Sunday, Feb. 13
Cambodia only sounds like an intimidating place.
That’s due to its fairly recent, violent history.
But the country has transformed into a safe and rewarding place to travel.
Located between Vietnam, Laos and Thailand, tourists are flocking to Cambodia from Europe and North America to experience everything it has to offer.
In Siem Reap (in the north), the food is cheap. You can get a pint of beer for 50 cents and a glass of wine for $1.75.
Pub Street is lined with bars and restaurants that serve traditional Khmer food, Italian, Chinese and even Mexican dishes.
It’s located between two markets, which both sell handmade goods, clothes and trinkets.
And the locals are the proudest and most helpful we’ve come across yes.
But nothing beats the sights.
Following our three-day adventure through the Angkor Wat Kingdom, Matt and I did another tour today.
We visited Kompong Phhluk, a village built on stilts.
It’s about 16 km from Siem Reap, on the flood plains of the Tonle Sap Lake.
The homes tower on stilts, some 10 metres high, to protect themselves from the wet season. (It’s currently the dry season.)
Following a boat ride down the main river, we transfered over to a tiny, flat canoe.
A small woman using a long paddle slowly toured us to the mouth of the lake, where we once again transfered back into our boat.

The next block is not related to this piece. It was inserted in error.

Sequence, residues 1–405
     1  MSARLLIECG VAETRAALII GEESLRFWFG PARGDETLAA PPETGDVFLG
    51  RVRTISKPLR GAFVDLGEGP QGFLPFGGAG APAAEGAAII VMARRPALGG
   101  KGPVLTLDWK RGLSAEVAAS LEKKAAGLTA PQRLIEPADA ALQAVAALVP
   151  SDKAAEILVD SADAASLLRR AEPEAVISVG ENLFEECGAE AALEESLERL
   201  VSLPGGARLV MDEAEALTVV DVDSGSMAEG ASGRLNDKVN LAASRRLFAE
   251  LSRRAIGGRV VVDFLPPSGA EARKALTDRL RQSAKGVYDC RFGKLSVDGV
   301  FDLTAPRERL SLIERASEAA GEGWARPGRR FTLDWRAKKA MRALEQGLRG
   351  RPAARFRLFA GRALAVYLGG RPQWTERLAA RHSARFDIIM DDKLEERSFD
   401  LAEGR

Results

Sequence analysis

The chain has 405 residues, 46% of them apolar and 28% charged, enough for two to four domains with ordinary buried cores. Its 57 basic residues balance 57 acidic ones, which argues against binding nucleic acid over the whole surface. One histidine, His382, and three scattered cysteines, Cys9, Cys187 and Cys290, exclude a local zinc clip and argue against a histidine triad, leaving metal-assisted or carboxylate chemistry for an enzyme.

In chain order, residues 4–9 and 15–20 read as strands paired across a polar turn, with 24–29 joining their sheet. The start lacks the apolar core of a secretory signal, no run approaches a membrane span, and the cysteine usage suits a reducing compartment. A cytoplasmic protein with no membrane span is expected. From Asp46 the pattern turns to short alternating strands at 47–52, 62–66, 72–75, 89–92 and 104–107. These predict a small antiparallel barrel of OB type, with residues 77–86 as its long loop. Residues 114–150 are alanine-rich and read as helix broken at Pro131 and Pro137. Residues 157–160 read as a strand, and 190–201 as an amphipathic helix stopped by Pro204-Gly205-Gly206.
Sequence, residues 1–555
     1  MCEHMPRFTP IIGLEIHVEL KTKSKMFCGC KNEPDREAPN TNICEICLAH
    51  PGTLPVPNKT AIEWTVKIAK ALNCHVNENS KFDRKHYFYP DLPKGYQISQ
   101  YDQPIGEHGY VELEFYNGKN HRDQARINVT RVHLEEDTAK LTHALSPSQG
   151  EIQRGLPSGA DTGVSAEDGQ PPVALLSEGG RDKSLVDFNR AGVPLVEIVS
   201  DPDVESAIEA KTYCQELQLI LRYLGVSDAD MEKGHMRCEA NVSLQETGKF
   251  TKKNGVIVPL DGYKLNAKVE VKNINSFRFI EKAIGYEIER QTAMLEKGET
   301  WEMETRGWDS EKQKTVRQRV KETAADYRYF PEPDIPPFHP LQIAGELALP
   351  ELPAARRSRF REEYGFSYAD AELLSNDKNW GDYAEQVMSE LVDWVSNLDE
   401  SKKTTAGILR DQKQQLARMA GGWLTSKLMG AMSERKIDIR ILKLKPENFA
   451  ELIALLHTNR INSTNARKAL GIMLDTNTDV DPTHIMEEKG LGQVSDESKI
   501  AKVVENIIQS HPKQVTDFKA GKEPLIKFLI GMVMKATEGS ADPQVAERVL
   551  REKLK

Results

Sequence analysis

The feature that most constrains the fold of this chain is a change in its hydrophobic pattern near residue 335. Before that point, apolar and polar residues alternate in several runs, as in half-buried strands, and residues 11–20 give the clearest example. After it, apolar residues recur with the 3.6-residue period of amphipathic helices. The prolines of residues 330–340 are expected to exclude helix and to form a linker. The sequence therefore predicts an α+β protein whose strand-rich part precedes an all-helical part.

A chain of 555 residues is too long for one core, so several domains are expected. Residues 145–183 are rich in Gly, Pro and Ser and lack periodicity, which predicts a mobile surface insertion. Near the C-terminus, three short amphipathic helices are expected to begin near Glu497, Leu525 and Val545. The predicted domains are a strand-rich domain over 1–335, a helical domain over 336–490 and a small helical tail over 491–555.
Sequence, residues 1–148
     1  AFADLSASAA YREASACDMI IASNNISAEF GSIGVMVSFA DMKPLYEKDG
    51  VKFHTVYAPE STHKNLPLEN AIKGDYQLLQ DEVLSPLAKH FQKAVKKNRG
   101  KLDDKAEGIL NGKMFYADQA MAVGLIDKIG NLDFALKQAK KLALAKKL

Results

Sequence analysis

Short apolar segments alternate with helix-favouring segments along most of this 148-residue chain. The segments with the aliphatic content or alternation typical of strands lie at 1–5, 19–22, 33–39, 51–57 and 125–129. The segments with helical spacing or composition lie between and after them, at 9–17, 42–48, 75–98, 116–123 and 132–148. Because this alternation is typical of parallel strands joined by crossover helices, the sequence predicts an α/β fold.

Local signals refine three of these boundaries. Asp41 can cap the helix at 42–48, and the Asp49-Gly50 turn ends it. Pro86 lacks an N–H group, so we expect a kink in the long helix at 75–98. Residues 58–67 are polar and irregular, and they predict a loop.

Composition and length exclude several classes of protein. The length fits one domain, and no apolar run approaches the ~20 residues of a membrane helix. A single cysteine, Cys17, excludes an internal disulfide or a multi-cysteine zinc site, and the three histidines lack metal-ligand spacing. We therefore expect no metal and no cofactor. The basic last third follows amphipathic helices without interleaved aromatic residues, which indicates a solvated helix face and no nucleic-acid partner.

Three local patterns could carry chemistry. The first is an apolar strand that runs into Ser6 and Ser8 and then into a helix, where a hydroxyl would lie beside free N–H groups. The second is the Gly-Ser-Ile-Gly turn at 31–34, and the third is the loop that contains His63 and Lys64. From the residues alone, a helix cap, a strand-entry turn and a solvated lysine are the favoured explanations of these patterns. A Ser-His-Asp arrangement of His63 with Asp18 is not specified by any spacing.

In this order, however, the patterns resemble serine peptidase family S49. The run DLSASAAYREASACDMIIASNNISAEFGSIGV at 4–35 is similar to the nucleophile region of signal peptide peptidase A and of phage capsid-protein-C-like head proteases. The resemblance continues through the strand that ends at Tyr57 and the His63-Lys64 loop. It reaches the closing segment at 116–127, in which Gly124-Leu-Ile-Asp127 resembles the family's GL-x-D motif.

We felt like we were shooting a scene for National Geographic.
We watched young boys trying to catch fish with their bare hands, men detangling their fishing nets and woman trading fruit between boats.
Next, we walked through the village.
We could hear the odd battery-operated TV blaring from inside the thatched huts, which had entire families captivated.
A couple of kiosks were selling warm cans of Coke and Sprite, a few women were hanging laundry and a handful of children were chasing each other down the dirt road.
At the local school, we handed out books and pencils to the young students. It was on a first come first serve basis, so kids were running from across the village with their arms stretched upwards, begging us for something new.
Following our village excursion, our tuk-tuk driver, Vibol, took us back to the house he grew up in for some dinner.
A family in Chilliwack has sponsored Vibol and his young daughter to learn English. We were put in touch with him through a mutual friend.
Following a two-hour tuk-tuk ride through the countryside, we arrived at a village that Vibol said has never before been visited by tourists.
Shortly after arriving, we were each offered a coconut.
We sat and drank it from a straw as the entire family, approximately 10 adults and 10 kids, watched in silence.
Only two people in the family spoke English.
It made for an interesting evening, full of polite nodding and smiling.
After watching the men and kids catch some small fish from the ditch in their back yard, they fried us a special meal of fish and rice.
We had to kindly turn down the fish.
Again, the family sat in silence and watched us eat.
It was one of the most awkward, rewarding and amazing days we’ve experienced.